Mystery seems to follow her when she finds work as a secretary helping to restore the flooded historical part of the cemetery. Forced to work with the cemetery’s puzzling, yet attractive archeologist, she exhumes the past’s secrets and unwittingly uncovers a crime that some will go to any length to keep quiet–even if it means silencing Aggie.
In 1946, Imogene Grayson works in a local factory and has eyes on owning her own beauty salon. But coming home to discover her younger sister’s body in the attic changes everything. Unfamiliar with the newly burgeoning world of criminal forensics and not particularly welcomed as a woman, Imogene is nonetheless determined to stay involved. As her sister’s case grows cold, Imogene vows to find justice . . . even if it costs her everything.
An Uncommon Woman
Laura Frantz, manages to keep you swooning throughout her historical romance. With action filled western scenes that keep your pulse high rocket I rate this a 5 star!
Unflinching and plainspoken, Tessa Swan is not your typical 18th-century woman. Born and bred on the western Virginia frontier along with her five brothers, she is a force to be reckoned with.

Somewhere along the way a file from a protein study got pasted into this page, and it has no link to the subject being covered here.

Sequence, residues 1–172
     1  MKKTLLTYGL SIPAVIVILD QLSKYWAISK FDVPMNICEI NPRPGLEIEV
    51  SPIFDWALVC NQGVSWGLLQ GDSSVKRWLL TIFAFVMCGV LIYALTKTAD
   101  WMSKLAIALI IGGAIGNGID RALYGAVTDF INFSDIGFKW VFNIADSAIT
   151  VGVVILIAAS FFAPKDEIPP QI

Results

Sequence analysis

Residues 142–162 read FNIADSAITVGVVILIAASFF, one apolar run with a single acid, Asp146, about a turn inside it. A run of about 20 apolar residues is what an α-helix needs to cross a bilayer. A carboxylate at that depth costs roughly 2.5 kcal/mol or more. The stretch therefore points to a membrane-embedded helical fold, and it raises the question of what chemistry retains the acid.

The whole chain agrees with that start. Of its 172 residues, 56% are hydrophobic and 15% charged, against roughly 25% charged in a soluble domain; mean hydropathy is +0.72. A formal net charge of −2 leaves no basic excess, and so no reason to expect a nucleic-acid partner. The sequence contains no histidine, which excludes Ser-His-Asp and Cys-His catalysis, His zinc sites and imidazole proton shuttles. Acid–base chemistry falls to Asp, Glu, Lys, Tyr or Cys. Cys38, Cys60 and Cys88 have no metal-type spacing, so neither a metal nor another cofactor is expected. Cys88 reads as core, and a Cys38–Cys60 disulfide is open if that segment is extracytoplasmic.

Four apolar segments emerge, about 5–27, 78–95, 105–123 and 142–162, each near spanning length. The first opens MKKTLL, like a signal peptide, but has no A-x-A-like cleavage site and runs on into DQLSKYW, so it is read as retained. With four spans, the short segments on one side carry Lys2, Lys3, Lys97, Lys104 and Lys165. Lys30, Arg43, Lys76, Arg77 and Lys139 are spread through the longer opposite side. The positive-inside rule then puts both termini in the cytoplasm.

Quiet and courageous, Clay Tygart is not your typical 18th-century man. Raised by Lenape Indians, he returns a hero from the French and Indian War to the fort that bears his name, bringing with him Tessa’s long-lost friend, Keturah, a redeemed Indian captive like himself.
Determined to avoid any romantic entanglements as fort commander, Clay remains aloof whenever he encounters the lovely Tessa. But when she is taken captive by the tribe Clay left, his hand–and heart–are forced, leading to one very private and one very public reckoning.
The Bridge to Belle Island
While Julie Klassen has a mysterious thread to most of her books this was more on the verge of a cozy mystery and I loved it. This is a must read I highly recommend if you love regency romance.
After a humiliating mistake, lawyer Benjamin Booker resolves to never again trust a beautiful woman. When an old friend is killed, the senior partner isn’t satisfied with Bow Street’s efforts and asks Benjamin to investigate. Eager to leave London for a while, Benjamin agrees. Evidence takes him to a remote island on the Thames, a world unto itself, shrouded in mist and mystery. Soon he finds himself falling for the main suspect–a woman who claims not to have left the island in ten years. But should he trust her?
On Belle Island, Isabelle feels safe and leads a productive life, but fear keeps her trapped there. When Mr. Booker arrives with news of her trustee’s murder in London, Isabelle is stunned. She has not left the island, yet she has a recurring dream about the man’s death. Or is it a memory? She had been furious with him, but she never intended . . . this.